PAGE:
Federal officials say more than 100 children worked in dangerous jobs for slaughterhouse cleaning firm
The Labor Department said Friday it found 102 children as young as 13 working hazardous overnight jobs cleaning slaughterhouses in eight states in what it called a “corporate-wide failure” by one of the largest food sanitation companies in the country, Packers Sanitation Services Inc.
In a statement, the company said, "We are pleased to have finalized this settlement figure as part of our previously announced December resolution with the Department of Labor (DOL) that ends their inquiry. We have been crystal clear from the start: Our company has a zero-tolerance policy against employing anyone under the age of 18 and fully shares the DOL’s objective of ensuring full compliance at all locations."
"As soon as we became aware of the DOL’s allegations, we conducted multiple additional audits of our employee base. ... Our audits and DOL’s investigation confirmed that none of the individuals DOL cited as under the age of 18 work for the company today, and many had separated from employment with PSSI multiple years ago. The DOL has also not identified any managers aware of improper conduct that are currently employed by PSSI."
"We are fully committed to working with DOL to make additional improvements to enforce our prohibition of employing anyone under the age of 18."
Packers Sanitation Services has paid a $1.5 million fine for the violations. The fine amount is dictated by the Fair Labor Standards Act, which allows a penalty of $15,138 for each minor who was employed in violation of the law, according to the Labor Department.
The Labor Department says the children who were working overnight shifts used “caustic chemicals to clean razor-sharp saws.” The company employs 17,000 workers at 700 sites nationwide.
“Our investigation found Packers Sanitation Services’ systems flagged some young workers as minors, but the company ignored the flags. When the Wage and Hour Division arrived with warrants, the adults — who had recruited, hired and supervised these children — tried to derail our efforts to investigate their employment practices,” said Michael Lazzeri, regional administrator for the division in Chicago.
The company signed a consent decree in December with the Labor Department and agreed to abide by child labor laws after federal investigators documented 50 children working at slaughterhouses for it. The company is taking “significant steps to ensure future compliance with the law including employing an outside compliance specialist,” according to the consent decree.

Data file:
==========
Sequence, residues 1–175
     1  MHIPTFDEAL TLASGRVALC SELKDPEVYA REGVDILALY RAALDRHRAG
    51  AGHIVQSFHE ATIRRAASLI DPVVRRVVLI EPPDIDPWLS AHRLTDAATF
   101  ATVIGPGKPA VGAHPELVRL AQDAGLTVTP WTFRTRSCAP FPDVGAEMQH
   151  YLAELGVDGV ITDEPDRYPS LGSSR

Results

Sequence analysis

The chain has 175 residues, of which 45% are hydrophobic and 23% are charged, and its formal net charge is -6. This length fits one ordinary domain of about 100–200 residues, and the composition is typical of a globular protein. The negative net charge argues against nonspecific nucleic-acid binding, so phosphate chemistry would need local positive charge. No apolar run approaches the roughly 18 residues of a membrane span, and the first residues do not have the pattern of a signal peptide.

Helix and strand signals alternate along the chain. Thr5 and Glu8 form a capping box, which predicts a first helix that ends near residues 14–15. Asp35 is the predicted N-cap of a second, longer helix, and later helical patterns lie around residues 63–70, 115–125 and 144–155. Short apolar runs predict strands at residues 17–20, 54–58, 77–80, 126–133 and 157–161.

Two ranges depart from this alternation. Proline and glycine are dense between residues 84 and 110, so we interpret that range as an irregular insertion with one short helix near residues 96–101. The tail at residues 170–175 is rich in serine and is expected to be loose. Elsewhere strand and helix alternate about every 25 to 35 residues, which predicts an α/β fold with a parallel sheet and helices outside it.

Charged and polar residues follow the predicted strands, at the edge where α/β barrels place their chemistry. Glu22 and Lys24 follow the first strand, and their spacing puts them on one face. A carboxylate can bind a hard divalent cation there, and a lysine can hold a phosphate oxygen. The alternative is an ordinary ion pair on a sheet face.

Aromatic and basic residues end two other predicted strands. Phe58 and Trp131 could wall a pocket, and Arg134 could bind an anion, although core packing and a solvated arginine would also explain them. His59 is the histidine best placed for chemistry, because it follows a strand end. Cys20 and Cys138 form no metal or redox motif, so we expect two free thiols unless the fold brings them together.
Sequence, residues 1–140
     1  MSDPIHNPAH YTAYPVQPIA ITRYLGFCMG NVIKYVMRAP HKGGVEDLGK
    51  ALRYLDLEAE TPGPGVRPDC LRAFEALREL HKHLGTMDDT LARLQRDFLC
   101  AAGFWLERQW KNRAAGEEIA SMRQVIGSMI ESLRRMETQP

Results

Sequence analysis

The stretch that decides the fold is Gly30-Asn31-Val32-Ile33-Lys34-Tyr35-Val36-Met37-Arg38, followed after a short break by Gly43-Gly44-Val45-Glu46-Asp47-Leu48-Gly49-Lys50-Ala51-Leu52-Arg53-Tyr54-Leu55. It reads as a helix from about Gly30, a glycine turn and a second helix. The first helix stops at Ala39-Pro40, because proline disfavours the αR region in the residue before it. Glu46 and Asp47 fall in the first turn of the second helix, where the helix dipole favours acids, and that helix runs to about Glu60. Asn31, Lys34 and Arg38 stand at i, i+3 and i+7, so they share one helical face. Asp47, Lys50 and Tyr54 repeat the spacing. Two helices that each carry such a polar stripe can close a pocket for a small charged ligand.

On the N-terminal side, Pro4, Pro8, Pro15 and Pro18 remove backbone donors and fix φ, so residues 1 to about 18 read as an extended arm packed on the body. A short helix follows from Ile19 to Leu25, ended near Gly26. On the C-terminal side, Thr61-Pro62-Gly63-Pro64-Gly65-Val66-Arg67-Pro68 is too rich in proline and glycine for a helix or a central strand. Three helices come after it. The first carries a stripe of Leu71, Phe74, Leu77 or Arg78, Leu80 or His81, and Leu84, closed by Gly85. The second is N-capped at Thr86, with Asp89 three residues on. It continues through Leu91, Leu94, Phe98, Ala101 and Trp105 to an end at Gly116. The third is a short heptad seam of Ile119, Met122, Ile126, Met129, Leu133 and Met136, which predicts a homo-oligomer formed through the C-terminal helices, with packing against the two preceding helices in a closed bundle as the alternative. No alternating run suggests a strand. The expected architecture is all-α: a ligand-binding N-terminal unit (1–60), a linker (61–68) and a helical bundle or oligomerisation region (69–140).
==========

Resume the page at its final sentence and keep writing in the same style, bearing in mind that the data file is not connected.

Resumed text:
The compliance specialist will conduct child labor audits, which will be shared with the Labor Department for three years.
Advocates and lawyers for the children say some of the child workers for PSSI were unaccompanied minors who recently came across the southern border. Unaccompanied minors are processed by the Border Patrol and then turned over to the Office of Refugee Resettlement within the Department of Health and Human Services. The children are then matched with sponsors who usually have some link to their families.
In a statement, Gregory Chen, senior director of government relations for the American Immigration Lawyers Association, said, “It is vital that the federal government not only investigate the violations committed by this private company, but in addition that it provides protections for the children who may have been victimized by this country. In particular, both the Department of Homeland Security and Department of Labor should apply policies they have recently announced to ensure these children are not deported to country into unsafe circumstances, that they receive legal protection to be able to remain in this country and have a stable, safe environment.”
In January, three officials from the Department of Homeland Security told NBC News that federal investigators were looking into whether any of the children were victims of labor trafficking.
Homeland Security Investigations agents have interviewed children who worked cleaning a slaughterhouse in Grand Island, Nebraska, they said.